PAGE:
Keep Austin Fed works with local partners to reduce food waste, which along with inflation, exacerbates food insecurity.
AUSTIN, Texas – The cost of groceries continues to rise each year, leaving some wondering where their next meal might come from.
“Fifteen percent of our city’s population faces food insecurity and hunger and that’s about 175,000 people,” said Jess Palmer, program director for Keep Austin fed.
It’s an eye-opening statistic, according to Palmer. With the rising cost of groceries and other necessities, food insecurity continues to plague many Central Texans.
“Are you going to pay utilities or are you going to pay your rent? Will you put gas in your car? Like where does food fall on that priority list,” Palmer said.
Keep Austin Fed works with local partners to reduce food waste, which Palmer says is key to how much food is actually never used.
“In between 35 and 40% of the food that is grown, processed and distributed in the country is wasted,” she said.
The nonprofit organization has coolers and locations across the city to store groceries.
Their mission is to use surplus groceries from partners like Trader Joe’s, restaurants and other stores, but also make sure they have fresh items for those in need.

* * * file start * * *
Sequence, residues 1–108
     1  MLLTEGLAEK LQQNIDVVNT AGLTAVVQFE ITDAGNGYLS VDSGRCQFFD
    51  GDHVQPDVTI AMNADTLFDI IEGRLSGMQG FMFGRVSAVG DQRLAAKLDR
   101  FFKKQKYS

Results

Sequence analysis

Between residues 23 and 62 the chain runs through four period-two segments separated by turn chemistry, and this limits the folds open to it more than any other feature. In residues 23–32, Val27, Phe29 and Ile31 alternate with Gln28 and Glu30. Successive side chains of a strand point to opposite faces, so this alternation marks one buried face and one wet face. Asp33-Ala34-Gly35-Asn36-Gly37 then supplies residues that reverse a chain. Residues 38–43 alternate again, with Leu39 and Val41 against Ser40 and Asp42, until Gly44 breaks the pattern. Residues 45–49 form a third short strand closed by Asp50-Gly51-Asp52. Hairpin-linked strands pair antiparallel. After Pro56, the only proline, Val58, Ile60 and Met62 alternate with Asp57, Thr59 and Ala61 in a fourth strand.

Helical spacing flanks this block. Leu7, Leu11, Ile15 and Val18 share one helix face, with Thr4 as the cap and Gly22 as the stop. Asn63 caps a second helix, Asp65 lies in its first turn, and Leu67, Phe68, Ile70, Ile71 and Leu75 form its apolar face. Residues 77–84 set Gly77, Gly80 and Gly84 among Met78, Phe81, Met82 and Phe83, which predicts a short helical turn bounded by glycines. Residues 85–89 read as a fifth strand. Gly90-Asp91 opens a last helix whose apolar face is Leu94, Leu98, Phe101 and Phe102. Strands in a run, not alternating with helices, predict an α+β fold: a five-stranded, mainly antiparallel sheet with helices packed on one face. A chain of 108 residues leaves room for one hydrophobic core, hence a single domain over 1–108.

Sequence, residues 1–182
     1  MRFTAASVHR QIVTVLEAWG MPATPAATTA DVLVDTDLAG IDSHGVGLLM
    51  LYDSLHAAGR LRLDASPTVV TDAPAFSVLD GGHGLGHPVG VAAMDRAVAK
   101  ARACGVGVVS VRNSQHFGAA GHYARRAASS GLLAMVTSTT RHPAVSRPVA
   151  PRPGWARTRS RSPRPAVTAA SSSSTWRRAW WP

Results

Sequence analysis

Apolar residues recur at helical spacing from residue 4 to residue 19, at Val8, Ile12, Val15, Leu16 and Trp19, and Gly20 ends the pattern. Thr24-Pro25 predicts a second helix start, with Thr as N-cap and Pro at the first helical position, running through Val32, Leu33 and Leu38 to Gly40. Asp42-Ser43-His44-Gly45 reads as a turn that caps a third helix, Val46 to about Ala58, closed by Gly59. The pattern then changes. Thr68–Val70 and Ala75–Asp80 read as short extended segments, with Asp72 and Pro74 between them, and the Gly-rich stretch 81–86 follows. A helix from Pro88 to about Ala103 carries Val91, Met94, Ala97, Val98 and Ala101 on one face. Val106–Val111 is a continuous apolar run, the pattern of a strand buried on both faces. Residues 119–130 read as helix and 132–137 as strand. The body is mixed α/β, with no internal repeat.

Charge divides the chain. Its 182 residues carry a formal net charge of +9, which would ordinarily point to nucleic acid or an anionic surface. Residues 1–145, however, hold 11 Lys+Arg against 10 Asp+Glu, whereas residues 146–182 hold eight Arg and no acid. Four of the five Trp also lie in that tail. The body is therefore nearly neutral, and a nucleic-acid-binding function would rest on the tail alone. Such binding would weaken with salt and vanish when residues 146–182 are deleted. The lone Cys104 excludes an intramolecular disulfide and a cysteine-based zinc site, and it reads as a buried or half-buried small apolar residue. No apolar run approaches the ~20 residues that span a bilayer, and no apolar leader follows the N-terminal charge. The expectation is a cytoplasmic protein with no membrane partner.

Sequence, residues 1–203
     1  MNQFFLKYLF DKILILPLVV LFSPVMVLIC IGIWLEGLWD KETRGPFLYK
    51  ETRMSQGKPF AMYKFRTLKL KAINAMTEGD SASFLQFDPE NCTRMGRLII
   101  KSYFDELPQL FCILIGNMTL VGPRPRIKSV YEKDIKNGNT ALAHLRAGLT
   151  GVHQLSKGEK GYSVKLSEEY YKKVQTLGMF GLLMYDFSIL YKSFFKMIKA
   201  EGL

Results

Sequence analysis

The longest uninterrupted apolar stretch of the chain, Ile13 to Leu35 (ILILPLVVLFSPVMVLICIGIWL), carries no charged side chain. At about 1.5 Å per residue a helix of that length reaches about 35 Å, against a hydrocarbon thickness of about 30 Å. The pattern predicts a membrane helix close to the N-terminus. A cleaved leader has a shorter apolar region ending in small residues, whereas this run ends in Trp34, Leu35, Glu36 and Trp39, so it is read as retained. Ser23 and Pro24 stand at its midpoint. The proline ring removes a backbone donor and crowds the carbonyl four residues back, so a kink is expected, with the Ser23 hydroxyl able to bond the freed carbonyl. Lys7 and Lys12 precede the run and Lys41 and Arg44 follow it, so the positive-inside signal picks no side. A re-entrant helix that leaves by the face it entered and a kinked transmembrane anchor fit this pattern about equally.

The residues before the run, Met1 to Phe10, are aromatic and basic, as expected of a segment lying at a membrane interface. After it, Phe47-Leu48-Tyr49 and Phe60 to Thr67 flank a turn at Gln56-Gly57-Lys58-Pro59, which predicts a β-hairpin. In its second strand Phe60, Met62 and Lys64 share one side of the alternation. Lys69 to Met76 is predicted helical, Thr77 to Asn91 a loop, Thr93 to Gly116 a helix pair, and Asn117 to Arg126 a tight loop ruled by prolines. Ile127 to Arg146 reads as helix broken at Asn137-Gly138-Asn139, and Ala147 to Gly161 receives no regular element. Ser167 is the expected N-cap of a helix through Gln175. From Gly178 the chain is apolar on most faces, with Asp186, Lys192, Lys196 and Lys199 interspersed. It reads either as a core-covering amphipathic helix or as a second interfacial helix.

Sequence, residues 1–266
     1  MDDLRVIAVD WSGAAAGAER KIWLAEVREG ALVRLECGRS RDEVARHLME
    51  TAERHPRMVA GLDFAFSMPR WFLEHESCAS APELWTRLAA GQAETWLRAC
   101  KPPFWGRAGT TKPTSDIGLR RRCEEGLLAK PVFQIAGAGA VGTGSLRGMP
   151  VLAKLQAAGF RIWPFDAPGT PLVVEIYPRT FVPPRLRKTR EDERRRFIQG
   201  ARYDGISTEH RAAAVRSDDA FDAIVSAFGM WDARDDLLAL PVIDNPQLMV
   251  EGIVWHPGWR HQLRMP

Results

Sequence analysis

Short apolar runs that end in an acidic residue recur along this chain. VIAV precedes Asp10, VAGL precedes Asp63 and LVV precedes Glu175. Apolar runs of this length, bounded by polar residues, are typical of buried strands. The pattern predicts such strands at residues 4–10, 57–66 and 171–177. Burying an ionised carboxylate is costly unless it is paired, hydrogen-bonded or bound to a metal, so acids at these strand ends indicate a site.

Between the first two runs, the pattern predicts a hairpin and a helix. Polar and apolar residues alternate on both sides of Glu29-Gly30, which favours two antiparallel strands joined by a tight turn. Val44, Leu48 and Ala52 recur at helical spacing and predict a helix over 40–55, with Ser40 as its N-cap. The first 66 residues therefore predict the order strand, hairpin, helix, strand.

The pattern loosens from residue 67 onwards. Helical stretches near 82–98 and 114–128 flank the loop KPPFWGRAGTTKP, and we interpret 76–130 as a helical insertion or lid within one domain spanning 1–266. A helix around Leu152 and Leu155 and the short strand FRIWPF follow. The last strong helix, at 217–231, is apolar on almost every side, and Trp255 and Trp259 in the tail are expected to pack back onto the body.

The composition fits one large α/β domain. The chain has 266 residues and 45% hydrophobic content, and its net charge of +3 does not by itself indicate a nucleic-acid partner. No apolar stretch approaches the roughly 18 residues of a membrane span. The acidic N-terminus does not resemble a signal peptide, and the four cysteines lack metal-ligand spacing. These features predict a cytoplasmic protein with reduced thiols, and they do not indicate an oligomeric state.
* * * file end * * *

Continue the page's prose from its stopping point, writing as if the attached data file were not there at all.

And with this increased cost means higher demand.
“Our current partners are just asking if there is an additional grocery shipment that they could get,” Palmer said.
To combat that waste, especially after holidays like Thanksgiving, Palmer said there are some simple changes you can make.
“Create a weekly meal plan because that really nails your grocery list,” she said.
When it comes to volunteers, they always accept help and really rely on these workers.
“We put them where you know it takes 30 minutes to an hour at most to go to one of our food delivery companies,” Palmer said.
Learn more about ways to volunteer and get involved Keep Austin Fed, click here.
https://www.kvue.com/article/news/local/15-percent-austin-resident-food-insecurity/269-bea4c72a-63a3-4e0a-bb8a-cfc8aae95ef0 Almost 15% of Austin residents are food insecure